Thailand – Thai Rice NAMA

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  • Capacity building and training activities such as sustainable and low-carbon rice practice trainings for government officers, private companies, and farmers were led. Seven demonstration plots were conducted to showcase and communicate the benefits of low-emission rice farming and promote technology adoption, and to build capacity of local and central government staff related to monitoring, reporting and verification for GHG emissions in the rice sector.
  • The implementation strategy and model for four basic mitigation technologies (laser land levelling, alternate wetting and drying, site-specific nutrient management, straw & stubble management) and integrated pest management were developed.
  • The work of developing a sustainable rice standard for Thailand (Indicator “Thai Rice Sustainable Rice Platform (SRP)/Good Agricultural Practices (GAP)++ with low-emission rice farming practice has become a national voluntary standard”) has started. Together with Rice Department, a workplan for the standard was developed, a stakeholder consultation meeting was conducted, an SRP seminar was organised at the international trade fair Thai Food Expo in Bangkok, and SRP trainings for 46 government officers and private rice sourcing companies as well as 60 smart farmers were conducted.

(As of January 2020)

The NSP

Agriculture is the second largest greenhouse gas (GHG) emitting sector in Thailand, at the same time being highly vulnerable to adverse climate change effects. The Thai rice sector is not only responsible for almost 60 per cent of Thailand’s emissions from agricultural activities, but is also the world’s 4th largest emitter of rice-related GHG – mainly methane. 

The Sustainable Rice Platform (SRP) a multi-stakeholder platform co-convened by UNEP and the International Rice Research Institute to promote resource efficiency and sustainability in trade flows, production and consumption operations, and supply chains in the global rice sector has a first global voluntary standard and successfully pilot tested the standard for the production of sustainable rice. 

This SRP Standard provides a framework for advanced farming practices, leading to higher net profits, increased yields, enhanced food safety, and – last but not least – lower GHG emissions. In irrigated rice cultivation, switching from conventional farming practices to applying an Alternate Wetting and Drying (AWD) on laser land-levelled fields can reduce significantly methane emissions.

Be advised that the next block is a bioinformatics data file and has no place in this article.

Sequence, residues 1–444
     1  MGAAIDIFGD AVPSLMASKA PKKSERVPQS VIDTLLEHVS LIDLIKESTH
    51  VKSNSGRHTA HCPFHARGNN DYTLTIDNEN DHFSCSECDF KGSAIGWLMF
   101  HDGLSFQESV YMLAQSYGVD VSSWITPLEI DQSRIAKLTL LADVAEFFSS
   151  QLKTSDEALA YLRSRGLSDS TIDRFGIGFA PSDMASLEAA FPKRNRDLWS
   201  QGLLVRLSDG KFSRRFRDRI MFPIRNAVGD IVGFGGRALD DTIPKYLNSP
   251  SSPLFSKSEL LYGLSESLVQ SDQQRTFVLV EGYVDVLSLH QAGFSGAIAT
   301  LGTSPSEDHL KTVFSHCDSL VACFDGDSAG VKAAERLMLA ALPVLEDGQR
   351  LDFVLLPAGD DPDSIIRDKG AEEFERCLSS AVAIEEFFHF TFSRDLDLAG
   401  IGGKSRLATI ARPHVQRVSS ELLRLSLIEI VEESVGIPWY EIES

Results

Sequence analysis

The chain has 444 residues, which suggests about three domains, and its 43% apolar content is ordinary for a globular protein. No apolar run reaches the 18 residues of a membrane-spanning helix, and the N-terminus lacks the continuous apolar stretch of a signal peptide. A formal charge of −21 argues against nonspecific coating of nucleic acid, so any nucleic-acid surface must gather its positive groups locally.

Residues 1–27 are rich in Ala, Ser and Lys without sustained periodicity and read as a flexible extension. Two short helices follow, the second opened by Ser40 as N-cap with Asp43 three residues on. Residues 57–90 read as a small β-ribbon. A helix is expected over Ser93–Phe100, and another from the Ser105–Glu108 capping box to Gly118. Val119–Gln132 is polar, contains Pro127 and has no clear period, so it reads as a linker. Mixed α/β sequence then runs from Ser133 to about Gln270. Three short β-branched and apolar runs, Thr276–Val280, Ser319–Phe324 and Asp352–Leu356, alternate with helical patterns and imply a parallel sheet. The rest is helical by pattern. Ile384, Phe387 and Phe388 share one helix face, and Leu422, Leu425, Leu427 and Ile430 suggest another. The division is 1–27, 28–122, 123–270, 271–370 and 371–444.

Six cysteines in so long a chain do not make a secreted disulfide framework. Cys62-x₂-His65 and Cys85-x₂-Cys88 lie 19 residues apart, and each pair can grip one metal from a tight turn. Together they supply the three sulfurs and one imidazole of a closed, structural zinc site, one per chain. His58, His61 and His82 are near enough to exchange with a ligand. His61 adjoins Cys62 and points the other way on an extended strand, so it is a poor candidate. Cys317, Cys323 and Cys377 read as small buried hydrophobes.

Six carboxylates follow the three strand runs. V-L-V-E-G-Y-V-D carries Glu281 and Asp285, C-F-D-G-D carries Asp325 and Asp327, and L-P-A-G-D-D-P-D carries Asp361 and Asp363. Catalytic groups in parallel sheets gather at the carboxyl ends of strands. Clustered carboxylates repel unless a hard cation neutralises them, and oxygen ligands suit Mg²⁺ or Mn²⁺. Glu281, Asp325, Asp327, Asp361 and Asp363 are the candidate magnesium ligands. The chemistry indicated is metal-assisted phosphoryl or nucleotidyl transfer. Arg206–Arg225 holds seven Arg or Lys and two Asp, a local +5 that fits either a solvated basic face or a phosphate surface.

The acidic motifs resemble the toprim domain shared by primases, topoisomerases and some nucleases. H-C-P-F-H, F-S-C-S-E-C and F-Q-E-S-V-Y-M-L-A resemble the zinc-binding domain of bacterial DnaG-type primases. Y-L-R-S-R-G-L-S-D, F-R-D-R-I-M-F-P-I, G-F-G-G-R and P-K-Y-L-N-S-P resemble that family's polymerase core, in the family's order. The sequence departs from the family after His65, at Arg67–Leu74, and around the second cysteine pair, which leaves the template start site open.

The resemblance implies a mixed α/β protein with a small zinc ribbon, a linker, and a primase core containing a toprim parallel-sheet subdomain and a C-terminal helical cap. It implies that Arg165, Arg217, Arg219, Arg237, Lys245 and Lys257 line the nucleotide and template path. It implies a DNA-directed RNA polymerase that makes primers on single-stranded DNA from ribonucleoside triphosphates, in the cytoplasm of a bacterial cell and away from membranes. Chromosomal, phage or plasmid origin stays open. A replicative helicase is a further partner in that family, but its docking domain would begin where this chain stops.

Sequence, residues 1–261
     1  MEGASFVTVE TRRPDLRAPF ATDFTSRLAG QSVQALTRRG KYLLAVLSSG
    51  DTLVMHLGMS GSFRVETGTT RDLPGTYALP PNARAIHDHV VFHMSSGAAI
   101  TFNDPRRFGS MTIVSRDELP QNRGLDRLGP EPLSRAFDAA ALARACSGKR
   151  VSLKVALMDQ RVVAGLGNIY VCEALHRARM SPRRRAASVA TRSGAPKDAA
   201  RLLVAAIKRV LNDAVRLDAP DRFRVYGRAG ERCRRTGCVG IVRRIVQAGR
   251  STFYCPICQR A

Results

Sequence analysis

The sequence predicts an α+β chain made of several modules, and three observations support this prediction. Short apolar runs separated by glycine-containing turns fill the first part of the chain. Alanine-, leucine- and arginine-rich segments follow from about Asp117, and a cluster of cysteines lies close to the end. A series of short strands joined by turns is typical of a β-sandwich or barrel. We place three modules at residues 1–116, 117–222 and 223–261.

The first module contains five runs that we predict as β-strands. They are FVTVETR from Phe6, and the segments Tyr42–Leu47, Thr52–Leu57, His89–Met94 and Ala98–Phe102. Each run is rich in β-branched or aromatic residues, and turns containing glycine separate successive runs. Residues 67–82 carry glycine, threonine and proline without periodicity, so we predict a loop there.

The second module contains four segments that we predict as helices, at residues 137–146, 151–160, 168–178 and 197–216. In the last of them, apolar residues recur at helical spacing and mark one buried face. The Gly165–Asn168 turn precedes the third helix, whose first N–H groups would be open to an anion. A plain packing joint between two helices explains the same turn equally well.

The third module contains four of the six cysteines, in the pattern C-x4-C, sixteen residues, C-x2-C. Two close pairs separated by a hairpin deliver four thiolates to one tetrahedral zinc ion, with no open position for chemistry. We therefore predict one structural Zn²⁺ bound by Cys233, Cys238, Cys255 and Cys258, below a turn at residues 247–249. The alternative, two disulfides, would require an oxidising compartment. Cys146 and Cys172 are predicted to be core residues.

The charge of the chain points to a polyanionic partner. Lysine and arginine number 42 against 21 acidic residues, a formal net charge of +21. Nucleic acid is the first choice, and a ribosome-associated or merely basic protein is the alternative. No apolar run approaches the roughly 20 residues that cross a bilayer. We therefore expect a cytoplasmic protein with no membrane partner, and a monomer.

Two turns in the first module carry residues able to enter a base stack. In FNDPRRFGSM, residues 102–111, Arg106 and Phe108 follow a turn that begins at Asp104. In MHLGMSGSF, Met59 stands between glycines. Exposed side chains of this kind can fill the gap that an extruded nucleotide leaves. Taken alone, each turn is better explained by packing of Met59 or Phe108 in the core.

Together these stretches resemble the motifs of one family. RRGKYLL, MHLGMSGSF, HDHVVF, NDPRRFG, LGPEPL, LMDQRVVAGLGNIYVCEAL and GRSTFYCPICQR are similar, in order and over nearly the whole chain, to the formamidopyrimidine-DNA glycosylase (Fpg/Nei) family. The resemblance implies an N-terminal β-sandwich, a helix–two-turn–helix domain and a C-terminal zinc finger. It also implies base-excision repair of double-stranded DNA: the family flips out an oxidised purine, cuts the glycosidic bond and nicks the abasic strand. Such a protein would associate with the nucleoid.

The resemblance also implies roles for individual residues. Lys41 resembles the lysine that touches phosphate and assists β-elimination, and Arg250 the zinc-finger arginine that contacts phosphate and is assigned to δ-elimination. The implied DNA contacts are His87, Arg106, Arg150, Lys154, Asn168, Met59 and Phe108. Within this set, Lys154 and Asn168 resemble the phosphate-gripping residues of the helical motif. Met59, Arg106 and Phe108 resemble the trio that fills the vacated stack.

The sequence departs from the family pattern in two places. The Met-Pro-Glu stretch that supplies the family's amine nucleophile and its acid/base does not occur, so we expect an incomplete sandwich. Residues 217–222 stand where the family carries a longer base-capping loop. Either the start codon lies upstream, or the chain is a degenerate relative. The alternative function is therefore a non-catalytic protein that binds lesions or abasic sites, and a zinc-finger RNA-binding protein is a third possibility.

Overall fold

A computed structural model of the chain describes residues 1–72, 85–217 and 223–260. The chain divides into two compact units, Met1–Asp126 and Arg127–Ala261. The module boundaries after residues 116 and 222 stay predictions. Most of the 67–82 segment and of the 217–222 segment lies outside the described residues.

The NSP will outreach to 100,000 rice farming households in Thailand in shifting from conventional to low-emission farming in Thailand.

The NSP will work with farmers and farmers’ associations as well as external service providers (e.g. for land-levelling) in adapting these advanced farming practices and develop respective incentive schemes including financial support. While the NSP plans to focus on six relevant provinces in the Central Plains of Thailand its replicability of this innovative approach on the national scale and also in the ASEAN region will be facilitated by the NSP. 

Financial ambition: The NSP expects to generate additional EUR 21.5 million direct financial investments from the private sector for the implementation of innovative financial incentives. The Royal Thai Government currently earmarks at least another EUR 25 million annually in agriculture- and mitigation-related areas. 

Mitigation potential: the switch to low-emission cultivation of rice is estimated to have a potential of avoiding emissions of 1.664 Mt CO2e cumulative over the 5-year lifespan of the NSP with increasing annual mitigation potential, reducing baseline emissions from irrigated rice by more than 26 per cent.

Farmer explaining rice cultivation methods, Thailand. Copyrights: Georg KraftFarmer explaining rice cultivation methods, Thailand. Copyrights: Georg KraftLand leveling method applied at rice field in Thailand. Copyright: Georg KraftLand leveling method applied at rice field in Thailand. Copyright: Georg Kraft
Facts
Partner MinistriesMinistry of Agriculture and Cooperatives; Ministry of Natural Resources and Environment
NAMA Support OrganisationDeutsche Gesellschaft für Internationale Zusammenarbeit (GmbH)
StatusImplementation
Call4th Call

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